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The TSI test measures the level of thyroid-stimulating immunoglobulin (TSI) in your blood. High levels of TSI in the blood can indicate the presence of Graves’ disease, which is an autoimmune disorder that affects the thyroid gland.
If you have Graves’ disease, you’re more likely to develop other autoimmune diseases such as type 1 diabetes or Addison’s disease. Women are 7 to 8 times more likely to develop Graves’ disease than men. Rarely, the TSI test can be used to diagnose other disorders that affect the thyroid, such as Hashimoto’s thyroiditis and toxic multinodular goiter.
Your doctor may order a TSI test if you have signs of hyperthyroidism or if you’re pregnant and have a history of thyroid problems.
The thyroid is an endocrine gland. It’s located at the base of your neck. Your thyroid is responsible for the production of various thyroid hormones that help your body regulate metabolism and other important functions.
Several conditions can cause your thyroid to produce too much of the thyroid hormones T3 and T4. When this occurs, it’s known as hyperthyroidism. Hyperthyroidism can lead to a range of symptoms, including:
When hyperthyroidism suddenly worsens, it’s known as thyroid storm, which is a life-threatening condition. This occurs when there is a surge of thyroid hormone in the body. Usually, it occurs due to untreated or undertreated hyperthyroidism. This is a medical emergency that requires immediate attention.
"Thyrotoxicosis" is an older term for hyperthyroidism due to any cause.
Graves’ disease is one of the most common causes of hyperthyroidism. If you have Graves’ disease, your immune system mistakenly produces the antibody TSI. TSI mimics thyroid-stimulating hormone (TSH), which is the hormone that signals your thyroid to produce more T3 and T4.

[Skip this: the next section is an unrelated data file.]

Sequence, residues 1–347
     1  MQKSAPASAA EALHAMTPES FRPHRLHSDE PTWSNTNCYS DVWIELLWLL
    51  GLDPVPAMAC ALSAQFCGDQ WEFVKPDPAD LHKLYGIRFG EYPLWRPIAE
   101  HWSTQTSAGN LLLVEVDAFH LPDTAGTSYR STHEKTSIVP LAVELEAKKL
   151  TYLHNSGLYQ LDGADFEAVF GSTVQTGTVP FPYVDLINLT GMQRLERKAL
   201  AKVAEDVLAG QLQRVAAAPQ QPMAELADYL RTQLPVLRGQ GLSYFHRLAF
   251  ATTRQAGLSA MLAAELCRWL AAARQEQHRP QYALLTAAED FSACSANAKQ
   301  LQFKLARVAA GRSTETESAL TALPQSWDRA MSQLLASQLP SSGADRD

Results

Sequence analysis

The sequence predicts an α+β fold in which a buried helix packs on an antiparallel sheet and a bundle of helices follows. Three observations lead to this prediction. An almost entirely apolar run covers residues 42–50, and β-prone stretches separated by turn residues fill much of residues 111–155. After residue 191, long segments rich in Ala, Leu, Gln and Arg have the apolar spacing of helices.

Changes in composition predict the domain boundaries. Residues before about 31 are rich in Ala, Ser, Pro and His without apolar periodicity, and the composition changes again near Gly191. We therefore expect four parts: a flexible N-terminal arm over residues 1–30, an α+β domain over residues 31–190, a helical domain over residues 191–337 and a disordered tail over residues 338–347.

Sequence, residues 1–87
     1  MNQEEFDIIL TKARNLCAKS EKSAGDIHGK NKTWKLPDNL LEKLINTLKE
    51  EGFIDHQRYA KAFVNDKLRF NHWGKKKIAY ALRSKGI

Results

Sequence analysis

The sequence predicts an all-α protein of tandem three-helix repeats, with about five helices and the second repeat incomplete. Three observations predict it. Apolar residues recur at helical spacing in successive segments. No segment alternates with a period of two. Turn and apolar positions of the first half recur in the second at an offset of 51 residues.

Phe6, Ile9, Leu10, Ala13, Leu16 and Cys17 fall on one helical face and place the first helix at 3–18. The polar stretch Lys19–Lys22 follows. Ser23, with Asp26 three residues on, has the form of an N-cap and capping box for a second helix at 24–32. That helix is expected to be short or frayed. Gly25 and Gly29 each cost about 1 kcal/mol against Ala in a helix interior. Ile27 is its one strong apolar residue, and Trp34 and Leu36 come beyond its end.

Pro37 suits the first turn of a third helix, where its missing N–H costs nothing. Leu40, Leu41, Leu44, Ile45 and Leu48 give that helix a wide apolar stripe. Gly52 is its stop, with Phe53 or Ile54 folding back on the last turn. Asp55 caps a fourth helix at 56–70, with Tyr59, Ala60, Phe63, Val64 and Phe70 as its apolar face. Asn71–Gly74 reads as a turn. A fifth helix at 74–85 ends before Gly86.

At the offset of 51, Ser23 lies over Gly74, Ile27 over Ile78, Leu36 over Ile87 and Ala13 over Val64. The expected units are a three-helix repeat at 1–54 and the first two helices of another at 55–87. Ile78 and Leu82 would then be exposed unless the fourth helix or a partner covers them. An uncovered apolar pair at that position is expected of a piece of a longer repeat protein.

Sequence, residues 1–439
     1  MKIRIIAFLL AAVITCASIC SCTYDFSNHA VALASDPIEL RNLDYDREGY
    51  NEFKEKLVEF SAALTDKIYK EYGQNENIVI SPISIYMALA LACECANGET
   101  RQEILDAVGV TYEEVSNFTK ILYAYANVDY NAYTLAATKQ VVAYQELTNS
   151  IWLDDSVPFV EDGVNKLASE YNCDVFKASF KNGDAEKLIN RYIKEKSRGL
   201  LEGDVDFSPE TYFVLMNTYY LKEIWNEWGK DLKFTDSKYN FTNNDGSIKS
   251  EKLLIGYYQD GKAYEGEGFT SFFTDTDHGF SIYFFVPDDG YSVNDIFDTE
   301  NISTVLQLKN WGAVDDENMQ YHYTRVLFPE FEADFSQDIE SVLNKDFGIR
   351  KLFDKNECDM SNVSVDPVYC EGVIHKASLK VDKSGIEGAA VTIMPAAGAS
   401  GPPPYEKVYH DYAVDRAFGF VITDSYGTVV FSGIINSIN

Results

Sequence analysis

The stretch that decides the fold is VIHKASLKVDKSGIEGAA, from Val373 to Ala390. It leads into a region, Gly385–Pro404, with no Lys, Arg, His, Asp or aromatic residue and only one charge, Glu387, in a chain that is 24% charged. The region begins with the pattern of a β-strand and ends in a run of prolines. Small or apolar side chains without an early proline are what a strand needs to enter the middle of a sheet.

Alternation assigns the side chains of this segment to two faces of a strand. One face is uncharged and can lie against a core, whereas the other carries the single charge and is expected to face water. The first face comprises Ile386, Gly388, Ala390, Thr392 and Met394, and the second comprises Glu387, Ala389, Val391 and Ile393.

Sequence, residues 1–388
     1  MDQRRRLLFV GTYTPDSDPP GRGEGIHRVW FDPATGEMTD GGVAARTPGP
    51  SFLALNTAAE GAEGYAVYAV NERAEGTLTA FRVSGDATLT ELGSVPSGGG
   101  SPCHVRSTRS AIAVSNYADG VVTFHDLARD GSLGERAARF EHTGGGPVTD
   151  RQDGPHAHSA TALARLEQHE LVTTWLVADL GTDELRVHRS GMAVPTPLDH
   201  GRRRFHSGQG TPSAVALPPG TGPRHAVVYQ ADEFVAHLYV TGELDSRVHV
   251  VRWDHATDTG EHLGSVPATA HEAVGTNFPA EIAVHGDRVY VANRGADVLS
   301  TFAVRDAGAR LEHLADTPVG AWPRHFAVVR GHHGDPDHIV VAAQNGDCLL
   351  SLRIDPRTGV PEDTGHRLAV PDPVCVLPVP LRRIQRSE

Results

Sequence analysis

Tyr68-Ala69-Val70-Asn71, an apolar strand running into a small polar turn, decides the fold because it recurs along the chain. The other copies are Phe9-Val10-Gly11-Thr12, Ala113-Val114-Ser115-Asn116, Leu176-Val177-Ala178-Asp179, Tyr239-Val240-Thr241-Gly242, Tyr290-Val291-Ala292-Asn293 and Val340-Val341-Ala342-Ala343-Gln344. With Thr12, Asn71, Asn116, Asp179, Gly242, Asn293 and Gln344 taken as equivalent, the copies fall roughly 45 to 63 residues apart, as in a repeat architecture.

TSI can trigger your thyroid to produce more thyroid hormones than necessary. The presence of TSI antibodies in your blood is an indicator that you may have Graves’ disease.
Your doctor will typically order a TSI test if you are showing signs of hyperthyroidism and they suspect that you might have Graves’ disease. Graves’ disease is the most common cause of hyperthyroidism. This test can help clarify the cause of your symptoms when your TSH, T3, and T4 levels are abnormal.
Your doctor may also perform this test during pregnancy if you have symptoms of hyperthyroidism or a history of thyroid problems. Graves’ hyperthyroidism affects about 2 out of 1000 pregnancies.
If you have Graves’ disease, the TSI in your bloodstream can cross the placenta. Those antibodies can interact with your baby’s thyroid and result in a condition called "transient neonatal Graves’ thyrotoxicosis." This means that although your baby will be born with Graves’ disease, it’s treatable, temporary, and will pass after the excess TSI leaves your baby’s body.
Other disorders related to abnormal TSI levels include Hashimoto’s thyroiditis and toxic multinodular goiter. Also called chronic lymphocytic thyroiditis, Hashimoto’s thyroiditis is inflammation and swelling of the thyroid gland. It typically decreases the function of the thyroid gland, causing hypothyroidism. In toxic multinodular goiter, your thyroid gland is enlarged and has a number of small, round growths, or nodules, that produce too much thyroid hormone.
This test doesn’t generally require any preparation, such as fasting or stopping medications. However, if your doctor asks you to do so, follow their instructions. They may want to draw blood for other tests that require fasting at the same time as your TSI test.
When you arrive for the procedure, a healthcare provider will take a sample of your blood. They’ll send your blood sample to a laboratory, where it will be tested to determine your TSI level.
TSI test results are in the form of a percentage or TSI index. Usually, a TSI index of less than 1.3, or 130 percent, is considered normal. Your doctor might have different standards, so you should ask your doctor if you have any questions or concerns.
It’s possible for you to have an autoimmune disorder despite having a normal TSI test result. If your doctor suspects that the antibodies might develop over time, as is the case with some autoimmune disorders, then repeat testing at a later date may be necessary.
If you have elevated TSI levels, it might indicate that you have:
With treatment, neonatal thyrotoxicosis in your baby will pass.
If TSI is present in the blood, it’s often an indication of Graves’ disease.
Every blood test has some risks, which include the following:
Written by: Gretchen Holm and Brian Wu
Medically reviewed on: Jun 28, 2016: Judi Marcin, MD
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